Anonymous says:

Oops, I meant not to deduct it from taxes, but deduct it from his income — when he has it.

Anonymous says:

Having a large chunk of my money in the employer (ibm) stock myself, I kind of can see him. Not 6 million, I am not that rich, and not everything I have. Probably a little more than 1/3 of my non-retirement savings and nothing in retirement savings except for as part of index funds. Still too much, and I plan to gradually reduce the exposure – sold a little last year, will likely sell a little this year – missed the high a month ago, will wait for another good moment.

Does the article say what percentage this is from his total assets?

I can see what he was thinking because I am guilty of the same type of thinking myself. It is just basic greed. When your stock is doing well, you think “oh, I probably should sell, but if I sell it, I’ll have to pay taxes on all these gains”. As my co-worker told me when I used a similar line “oh yes, sure, just wait a little, then you’ll have capital loss and will be able to take it off taxes, but not all at once. So I guess now he has a huge capital loss and can continue to deduct it from taxes – $3000 at a time unless he has gains – for the rest of his life.

Luke Landes says:

Meg: The guy in this article is not Bill Gates or any other CEO; he’s an ordinary guy who doesn’t have the luxury to invest his entire retirement portfolio in a company over which he has no personal control. He’s not an entrepreneur.

Bill Gates has quite a bit of Microsoft stock, obviously, but he is well diversified beyond that according to public information easily accessible via Google. If Microsoft tanked like Lehman, that would be bad news, surely, but Gates would still be able to retire in a style many people could only dream about.

Plus, I’ve heard he’s even got a commercial acting gig now. 🙂

Anonymous says:

Wow, that SUCKS. I feel sorry for the guy; diversification is easier said than done, and lots of people (including all entrepreneurs) make their fortunes by focusing in one specific company or industry before diversifying later in life to protect the wealth they’ve grown.

I mean look at Bill Gates or Steve Jobs – do you really think anybody is telling them “Gah, you’re such an idiot! You should have sold your company stock early on instead of making hundreds of millions by investing all your money in your one company.” It’s hard to cut the cord on a company that’s made you rich and paid you dividends (literally and figuratively) for years.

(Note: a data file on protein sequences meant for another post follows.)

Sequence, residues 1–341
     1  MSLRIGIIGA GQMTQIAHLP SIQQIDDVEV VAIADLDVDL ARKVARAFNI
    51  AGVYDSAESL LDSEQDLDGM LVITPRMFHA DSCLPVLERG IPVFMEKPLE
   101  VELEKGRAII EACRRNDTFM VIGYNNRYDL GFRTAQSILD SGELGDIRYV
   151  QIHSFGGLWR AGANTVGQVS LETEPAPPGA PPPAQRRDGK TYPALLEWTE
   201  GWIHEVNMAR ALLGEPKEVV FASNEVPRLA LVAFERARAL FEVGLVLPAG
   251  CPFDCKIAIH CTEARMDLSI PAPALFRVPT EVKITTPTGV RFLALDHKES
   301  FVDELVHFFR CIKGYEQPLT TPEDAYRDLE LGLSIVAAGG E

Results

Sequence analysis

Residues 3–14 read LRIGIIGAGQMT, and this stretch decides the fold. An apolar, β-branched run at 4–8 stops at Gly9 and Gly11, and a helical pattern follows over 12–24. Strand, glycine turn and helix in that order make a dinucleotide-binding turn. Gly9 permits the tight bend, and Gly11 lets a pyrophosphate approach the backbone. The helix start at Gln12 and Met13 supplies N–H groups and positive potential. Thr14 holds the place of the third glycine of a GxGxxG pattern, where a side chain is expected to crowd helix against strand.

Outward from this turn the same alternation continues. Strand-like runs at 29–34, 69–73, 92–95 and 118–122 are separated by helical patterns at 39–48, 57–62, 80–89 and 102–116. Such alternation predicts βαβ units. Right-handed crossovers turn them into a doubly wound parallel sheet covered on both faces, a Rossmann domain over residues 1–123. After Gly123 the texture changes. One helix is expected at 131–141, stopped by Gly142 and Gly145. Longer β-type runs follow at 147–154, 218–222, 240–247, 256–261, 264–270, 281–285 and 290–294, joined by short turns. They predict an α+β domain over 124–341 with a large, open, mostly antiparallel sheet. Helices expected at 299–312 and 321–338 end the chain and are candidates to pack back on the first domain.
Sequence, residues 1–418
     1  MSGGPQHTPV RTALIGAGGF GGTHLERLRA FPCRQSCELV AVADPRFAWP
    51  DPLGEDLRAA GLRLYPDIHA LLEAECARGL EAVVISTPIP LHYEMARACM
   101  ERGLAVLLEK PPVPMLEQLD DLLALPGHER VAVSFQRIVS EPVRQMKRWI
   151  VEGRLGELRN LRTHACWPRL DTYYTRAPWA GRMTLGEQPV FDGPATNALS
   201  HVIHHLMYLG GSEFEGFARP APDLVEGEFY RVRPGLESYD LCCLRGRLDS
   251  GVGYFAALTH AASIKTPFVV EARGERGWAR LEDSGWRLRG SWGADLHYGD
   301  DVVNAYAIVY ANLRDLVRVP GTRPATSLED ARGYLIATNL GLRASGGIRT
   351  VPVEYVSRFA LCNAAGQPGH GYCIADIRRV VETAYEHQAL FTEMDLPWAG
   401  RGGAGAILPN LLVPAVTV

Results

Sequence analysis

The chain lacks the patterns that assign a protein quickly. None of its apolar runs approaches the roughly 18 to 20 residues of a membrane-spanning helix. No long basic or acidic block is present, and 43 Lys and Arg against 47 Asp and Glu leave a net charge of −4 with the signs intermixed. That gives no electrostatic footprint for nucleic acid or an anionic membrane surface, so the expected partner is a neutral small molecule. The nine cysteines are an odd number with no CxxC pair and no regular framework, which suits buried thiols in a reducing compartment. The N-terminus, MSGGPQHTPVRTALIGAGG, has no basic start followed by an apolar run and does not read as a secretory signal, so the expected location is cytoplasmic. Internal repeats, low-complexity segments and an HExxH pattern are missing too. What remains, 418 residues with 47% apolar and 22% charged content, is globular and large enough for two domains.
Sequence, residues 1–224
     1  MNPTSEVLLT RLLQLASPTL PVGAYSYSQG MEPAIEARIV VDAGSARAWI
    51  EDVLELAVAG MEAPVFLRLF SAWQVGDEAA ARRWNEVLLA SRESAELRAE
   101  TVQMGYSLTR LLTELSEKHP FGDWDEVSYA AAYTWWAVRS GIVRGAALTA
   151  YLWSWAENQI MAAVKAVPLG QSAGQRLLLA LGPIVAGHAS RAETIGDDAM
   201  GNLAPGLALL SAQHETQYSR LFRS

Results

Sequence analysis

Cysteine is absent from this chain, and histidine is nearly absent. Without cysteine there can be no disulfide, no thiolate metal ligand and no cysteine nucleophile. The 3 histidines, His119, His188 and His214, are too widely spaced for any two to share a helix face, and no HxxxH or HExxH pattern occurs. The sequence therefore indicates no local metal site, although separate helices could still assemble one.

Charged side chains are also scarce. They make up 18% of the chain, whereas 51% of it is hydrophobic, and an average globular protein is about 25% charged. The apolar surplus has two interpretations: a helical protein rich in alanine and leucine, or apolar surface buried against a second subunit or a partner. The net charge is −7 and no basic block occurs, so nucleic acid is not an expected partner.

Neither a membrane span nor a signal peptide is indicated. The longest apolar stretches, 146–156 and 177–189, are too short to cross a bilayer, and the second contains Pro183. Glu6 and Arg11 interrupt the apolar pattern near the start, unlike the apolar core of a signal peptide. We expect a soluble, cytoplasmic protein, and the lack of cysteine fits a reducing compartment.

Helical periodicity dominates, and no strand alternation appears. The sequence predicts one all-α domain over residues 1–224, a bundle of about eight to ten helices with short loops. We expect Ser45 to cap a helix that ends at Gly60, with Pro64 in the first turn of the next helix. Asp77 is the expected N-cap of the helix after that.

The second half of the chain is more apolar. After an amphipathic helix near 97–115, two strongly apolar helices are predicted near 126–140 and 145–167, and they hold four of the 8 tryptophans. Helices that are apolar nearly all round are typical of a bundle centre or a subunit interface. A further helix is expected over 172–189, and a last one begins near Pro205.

Luke Landes says:

It may be true that his stock hadn’t vested yet or he hadn’t finished a required holding period — but still, according to the quote in the article, this was his full “nest egg.” Imagine your whole retirement savings in unvested company stock… Plus, I find it unlikely that he was an upper-level executive at Lehman as it is a wealth adviser at Morgan Stanley, but that’s just conjecture.

Like other specific individuals I’ve singled out on Consumerism Commentary before, he may actually find this article at some point and shed some light on his decisions.

Plonkee: It’s easy to believe the company you work for is immune. Constant positive communication from upper level executives encourages employees to ignore the media when it the news is bad, and you feel like you have “insider” information…

Anonymous says:

Its not clear here…but many times stocks granted as a part of compensation take a looooong time to fully vest. He may not have had the option of selling and rebalancing. Like I said, you can’t tell from the information given in this article, but that is a possibility.

Anonymous says:

I guess that he wasn’t thinking properly. You know a lot of people think that the company they work for (or used to work for) is immune from market falls. Yeah. That’s not really true though. When I acquired some company stock I sold it as quickly as possible – partly because it constituted about 2/3 of my total net worth at the time.

Anonymous says:

It’s amazing how a company whose business is in money and who has so much of it can go bankrupt. It’s simply greed mixed with stupidity.

Anonymous says:

“What the hell was he thinking?” asked Shorr…

Uh…yeah. What the hell was Shorr thinking? He’s in finance and he left himself exposed to that kind of risk? I guess it’s not all that surprising that financial institutions are failing left and right if this is the sort of in-house expertise they’ve been relying on.

Anonymous says:

Sorry…no sympathy here.

Anonymous says:

A lot of financial companies require that you hold the stock for a number of years. He probably could have sold some of his stocks but probably not all. (These companies don’t like their officers selling the company stock. It looks bad.)

Anonymous says:

I agree… LEH enjoyed a 300% return since 2000, which is much more than most other banks, so I see why he was not diversifying, but let’s be serious… it’s always the people who think they are invinicible who crash and burn.

You should have diversified there pal!